- Credit rating agency Moody's announced the US—along with Germany, Britain, France, Spain, and Nordic countries—is closer to losing its AAA rating.
- Moody's calculations projected US interest payments on government debt (including federal, state, and local) could rise from 7% of tax revenue in 2009 to 11% by 2013—14% under a more adverse scenario.
- But a debt downgrade is far from a foregone conclusion.
- The US has by far the largest, most diverse economy and deepest capital markets in the world—and the US government's debt servicing costs are well within or below historic norms.
Credit rating agency Moody's announced Monday the US—along with Germany, Britain, France, Spain, and Nordic countries—is inching closer to losing its AAA rating. Though these countries are considered "stable" for now, the thought of losing that triple-A is a mood-killer—a lower rating could decrease investor confidence and increase governments' debt financing costs.
Moody's calculations projected US interest payments on government debt (including federal, state, and local) could rise from 7% of tax revenue in 2009 to 11% by 2013—14% under a more adverse scenario. Debt servicing costs above 10% of revenues triggers a downgrade consideration, though it's not the only factor. Moody's also considers a government's ability to get too-high debt levels under control over a given period.
But a debt downgrade is far from a foregone conclusion. Moody's assessment hinges on all sorts of assumptions and projections—including a meaningful increase in interest rates—but economies and the impact of fiscal and monetary policies are way too complicated to model and predict outcomes for. Current debt and deficit levels are elevated thanks to the economic downturn and government spending in response. Still, our debt servicing costs are well within or below historic norms thanks to low interest rates. Down the line, economic recovery (aided by said stimulus) produces higher tax receipts, making debt-servicing costs all the more manageable. Already, the US and other economies are showing substantial improvement, like the US's 5.9% GDP growth in Q4 2009.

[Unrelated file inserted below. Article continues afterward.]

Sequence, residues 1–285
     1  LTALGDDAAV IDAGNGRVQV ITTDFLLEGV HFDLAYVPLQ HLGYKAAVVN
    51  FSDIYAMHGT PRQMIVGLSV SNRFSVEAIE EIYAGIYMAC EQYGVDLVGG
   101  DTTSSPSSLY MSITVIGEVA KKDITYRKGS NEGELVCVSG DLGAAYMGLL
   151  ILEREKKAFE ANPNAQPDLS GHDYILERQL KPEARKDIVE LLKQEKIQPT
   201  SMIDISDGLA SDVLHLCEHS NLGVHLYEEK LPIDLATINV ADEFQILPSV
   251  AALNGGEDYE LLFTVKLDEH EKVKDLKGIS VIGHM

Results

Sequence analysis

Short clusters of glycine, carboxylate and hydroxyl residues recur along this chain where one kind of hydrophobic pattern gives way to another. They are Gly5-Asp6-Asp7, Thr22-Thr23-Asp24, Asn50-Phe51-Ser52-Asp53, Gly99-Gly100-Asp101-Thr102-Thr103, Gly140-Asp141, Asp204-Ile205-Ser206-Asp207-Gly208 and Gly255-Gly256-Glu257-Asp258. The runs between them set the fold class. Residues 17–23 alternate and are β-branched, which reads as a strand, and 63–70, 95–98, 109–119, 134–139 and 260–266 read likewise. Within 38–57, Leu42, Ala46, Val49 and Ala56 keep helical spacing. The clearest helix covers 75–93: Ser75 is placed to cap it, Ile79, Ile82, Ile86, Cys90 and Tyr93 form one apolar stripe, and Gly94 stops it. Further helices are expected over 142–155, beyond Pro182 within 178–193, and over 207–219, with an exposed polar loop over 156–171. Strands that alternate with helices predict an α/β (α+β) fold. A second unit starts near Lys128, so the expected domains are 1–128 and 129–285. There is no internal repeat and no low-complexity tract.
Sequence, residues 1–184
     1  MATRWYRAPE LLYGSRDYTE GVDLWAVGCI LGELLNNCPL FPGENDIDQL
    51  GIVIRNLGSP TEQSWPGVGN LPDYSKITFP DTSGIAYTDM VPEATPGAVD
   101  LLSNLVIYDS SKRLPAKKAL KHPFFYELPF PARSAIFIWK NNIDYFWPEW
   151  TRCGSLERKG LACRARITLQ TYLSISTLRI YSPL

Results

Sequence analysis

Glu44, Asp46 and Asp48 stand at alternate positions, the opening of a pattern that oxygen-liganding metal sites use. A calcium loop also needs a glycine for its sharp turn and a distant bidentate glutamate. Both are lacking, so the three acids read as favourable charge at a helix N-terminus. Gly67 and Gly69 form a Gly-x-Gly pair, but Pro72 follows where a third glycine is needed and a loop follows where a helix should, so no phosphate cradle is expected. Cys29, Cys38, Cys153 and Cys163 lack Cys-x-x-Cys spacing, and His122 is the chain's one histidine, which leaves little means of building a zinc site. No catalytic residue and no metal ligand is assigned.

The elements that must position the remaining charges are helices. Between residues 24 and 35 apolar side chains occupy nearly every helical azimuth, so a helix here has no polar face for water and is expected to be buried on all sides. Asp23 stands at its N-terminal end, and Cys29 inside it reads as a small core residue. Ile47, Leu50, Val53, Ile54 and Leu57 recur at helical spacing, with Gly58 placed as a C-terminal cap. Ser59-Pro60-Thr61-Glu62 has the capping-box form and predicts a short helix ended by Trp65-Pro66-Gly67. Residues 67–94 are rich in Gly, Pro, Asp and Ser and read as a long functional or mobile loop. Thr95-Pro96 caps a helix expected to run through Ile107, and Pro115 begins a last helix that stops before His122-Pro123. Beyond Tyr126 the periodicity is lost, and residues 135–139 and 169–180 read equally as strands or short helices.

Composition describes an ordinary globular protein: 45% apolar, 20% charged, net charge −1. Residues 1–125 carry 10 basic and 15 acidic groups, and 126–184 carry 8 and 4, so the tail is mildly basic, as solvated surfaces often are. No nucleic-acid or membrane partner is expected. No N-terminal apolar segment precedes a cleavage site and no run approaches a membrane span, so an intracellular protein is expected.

Even if the US did lose its triple-A halo, would investors suddenly see the US as being a more risky borrower? If so, compared to which country? None that we can think of—after all, Moody's announcement today covered countries comprising over 40% of the global economy. Not to mention the fact the US has by far the largest, most diverse economy and deepest capital markets in the world. Additionally, we have our own central bank (unlike countries in the European Economic and Monetary Union), so in an extreme scenario, we could create money to service our debt (though this could impact exchange and inflation rates).
To investors, if the US were AA, then AA just becomes the new AAA, breaching some arbitrary debt-servicing cost level notwithstanding. Does it make sense Moody's rates Spain as AAA, even though it's one of the recently infamous PIIGS countries? And Japan—the world's second largest economy—has the lowest sovereign credit rating among major countries as well as the lowest borrowing costs. Italy and Spain both suffered downgrades in 1998, and their borrowing costs fell.
Government spending no doubt helped ameliorate the financial blow to the US economy. Moreover, elevated deficit levels haven't sunk stocks historically. Though it may not get Moody's in the mood, higher debt levels for now aren't problematic.